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FAC sues LAPD over failure to release bodycam recordings from protests


By ONME Newswire

LOS ANGELES, CA —The First Amendment Coalition and independent news organization Knock LA today filed a public records lawsuit to bring more transparency to policing in Los Angeles.

The lawsuit demands the release of body camera footage and other recordings showing the Los Angeles Police Department’s violent treatment of protesters who demonstrated peacefully outside the official residence of Los Angeles Mayor Eric Garcetti on December 6, 2020. (View the full lawsuit.)

For more than 18 months, the LAPD has refused to turn over the recordings of the incident that left protesters badly injured, despite a landmark police transparency law that took effect in 2019 that requires public disclosure of recordings of this kind of use of force. (Black Lives Matter Los Angeles and individual protesters have filed a civil rights lawsuit over officers’ use of force.)

“When officers hurt people, the public has a right to the full story, not just the police department’s spin,” said David Loy, legal director of the First Amendment Coalition. “LAPD’s stonewalling is just one example of statewide resistance to police transparency.”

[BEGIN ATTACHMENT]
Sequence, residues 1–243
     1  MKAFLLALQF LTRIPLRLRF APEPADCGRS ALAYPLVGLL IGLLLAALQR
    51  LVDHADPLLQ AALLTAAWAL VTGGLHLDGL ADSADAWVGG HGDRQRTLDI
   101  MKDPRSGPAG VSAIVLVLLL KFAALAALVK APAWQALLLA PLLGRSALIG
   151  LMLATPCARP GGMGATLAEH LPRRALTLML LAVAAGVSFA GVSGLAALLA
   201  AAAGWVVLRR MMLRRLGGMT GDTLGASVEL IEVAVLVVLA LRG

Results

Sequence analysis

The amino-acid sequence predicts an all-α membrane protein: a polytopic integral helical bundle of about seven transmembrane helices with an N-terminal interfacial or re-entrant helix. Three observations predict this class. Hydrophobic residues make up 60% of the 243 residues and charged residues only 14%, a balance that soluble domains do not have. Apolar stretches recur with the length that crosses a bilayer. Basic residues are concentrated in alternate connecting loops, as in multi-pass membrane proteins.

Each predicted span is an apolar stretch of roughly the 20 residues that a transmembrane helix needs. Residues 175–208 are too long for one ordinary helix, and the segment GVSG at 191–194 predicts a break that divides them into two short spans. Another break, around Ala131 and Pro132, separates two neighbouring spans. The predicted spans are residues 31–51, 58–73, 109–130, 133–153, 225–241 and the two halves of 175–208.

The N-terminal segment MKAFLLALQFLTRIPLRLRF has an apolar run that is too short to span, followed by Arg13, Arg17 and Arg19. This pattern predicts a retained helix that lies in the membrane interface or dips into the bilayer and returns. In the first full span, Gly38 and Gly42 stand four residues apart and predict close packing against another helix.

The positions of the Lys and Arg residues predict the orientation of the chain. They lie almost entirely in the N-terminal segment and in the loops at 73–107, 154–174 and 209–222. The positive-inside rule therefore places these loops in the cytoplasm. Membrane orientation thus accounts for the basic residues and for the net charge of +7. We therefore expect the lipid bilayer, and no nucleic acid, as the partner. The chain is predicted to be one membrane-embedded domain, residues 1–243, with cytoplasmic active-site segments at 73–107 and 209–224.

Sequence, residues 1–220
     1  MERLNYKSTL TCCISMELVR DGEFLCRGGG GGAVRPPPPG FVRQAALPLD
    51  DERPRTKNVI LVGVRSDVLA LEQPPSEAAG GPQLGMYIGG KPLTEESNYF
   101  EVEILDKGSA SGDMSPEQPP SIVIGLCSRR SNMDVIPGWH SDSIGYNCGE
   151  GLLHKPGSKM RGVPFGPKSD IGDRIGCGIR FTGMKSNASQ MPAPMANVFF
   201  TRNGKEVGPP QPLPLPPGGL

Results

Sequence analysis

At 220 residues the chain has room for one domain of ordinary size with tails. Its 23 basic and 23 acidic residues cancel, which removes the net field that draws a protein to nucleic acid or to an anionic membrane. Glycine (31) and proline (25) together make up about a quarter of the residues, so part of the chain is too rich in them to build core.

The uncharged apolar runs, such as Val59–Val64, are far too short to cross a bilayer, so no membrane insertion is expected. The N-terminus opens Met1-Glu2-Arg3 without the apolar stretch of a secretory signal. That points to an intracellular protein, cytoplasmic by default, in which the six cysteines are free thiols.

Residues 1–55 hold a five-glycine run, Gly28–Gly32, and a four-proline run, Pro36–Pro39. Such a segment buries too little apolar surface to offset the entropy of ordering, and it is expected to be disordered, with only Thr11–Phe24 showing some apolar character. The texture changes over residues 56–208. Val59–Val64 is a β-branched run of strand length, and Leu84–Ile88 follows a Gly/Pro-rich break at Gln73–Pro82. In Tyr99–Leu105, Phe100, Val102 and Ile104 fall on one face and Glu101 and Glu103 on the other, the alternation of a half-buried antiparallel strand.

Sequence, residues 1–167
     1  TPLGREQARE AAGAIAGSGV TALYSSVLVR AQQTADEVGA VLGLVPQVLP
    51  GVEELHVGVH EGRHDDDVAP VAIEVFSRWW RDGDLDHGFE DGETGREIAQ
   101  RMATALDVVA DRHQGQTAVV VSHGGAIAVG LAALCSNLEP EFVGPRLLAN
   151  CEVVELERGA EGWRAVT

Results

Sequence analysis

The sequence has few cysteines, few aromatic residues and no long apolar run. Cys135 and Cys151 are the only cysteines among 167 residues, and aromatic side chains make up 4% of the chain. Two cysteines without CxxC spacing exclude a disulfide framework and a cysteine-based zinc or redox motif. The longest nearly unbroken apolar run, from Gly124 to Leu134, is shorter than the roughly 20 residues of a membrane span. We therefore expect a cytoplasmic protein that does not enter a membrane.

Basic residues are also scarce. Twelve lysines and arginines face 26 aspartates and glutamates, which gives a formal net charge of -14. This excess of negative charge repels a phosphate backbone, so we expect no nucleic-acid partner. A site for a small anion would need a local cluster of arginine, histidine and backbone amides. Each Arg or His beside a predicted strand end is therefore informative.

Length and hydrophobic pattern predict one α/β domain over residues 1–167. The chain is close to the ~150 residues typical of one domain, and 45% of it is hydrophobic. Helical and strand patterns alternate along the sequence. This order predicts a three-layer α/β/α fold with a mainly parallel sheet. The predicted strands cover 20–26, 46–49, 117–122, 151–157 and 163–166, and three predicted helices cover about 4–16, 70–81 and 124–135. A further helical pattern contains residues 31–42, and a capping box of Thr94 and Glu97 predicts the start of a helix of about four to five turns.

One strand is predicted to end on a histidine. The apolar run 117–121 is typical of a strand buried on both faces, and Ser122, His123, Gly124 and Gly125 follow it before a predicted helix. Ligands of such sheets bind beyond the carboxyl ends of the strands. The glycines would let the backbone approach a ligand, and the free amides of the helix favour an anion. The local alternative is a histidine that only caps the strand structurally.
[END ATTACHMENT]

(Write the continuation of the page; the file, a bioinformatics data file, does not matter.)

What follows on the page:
In recent years, the California Legislature has passed laws to pierce the veil of secrecy that for too long shielded police misconduct and use of force from public scrutiny. In recognition of the importance of press and public access to body cam, dash cam and other recordings of violent use of force, lawmakers passed AB 748, which requires disclosure of any audio or video recording of “critical incidents.” Critical incidents include any force that causes “great bodily injury.”

“This is very suspicious because the LAPD keeps changing its story on why it won’t release these tapes more than one year after the attack,” said Susan E. Seager, director of UC Irvine School of Law’s Press Freedom Project, which brought suit on behalf of FAC and Knock LA. “Why are Chief Michel Moore and the LAPD trying to block the public from seeing officers club non-violent protesters outside the mayor’s home?”

Secrecy, the lawsuit explains, can only be justified if disclosure of critical incident recordings would substantially interfere with an active administrative or criminal investigation, and after one year from the incident, the agency must prove substantial interference by clear and convincing evidence. That time limit has long since passed. The LAPD has not claimed that there is any such active investigation, much less proven substantial interference.

“Once again, an agency of the city of Los Angeles is refusing to provide records that state law has defined as accessible to the public,” said Cerise Castle, a Los Angeles journalist who writes for Knock LA. “The city knows there is no agency tasked with assuring compliance. Once again, we are forced to sue to do our jobs and give the public transparency. It begs the questions — what are they trying to hide, and for whose benefit?”

The lawsuit asks the Los Angeles Superior Court to immediately direct LAPD to disclose the records sought by FAC and Knock LA and issue declaratory judgment that the records are subject to disclosure under state law.

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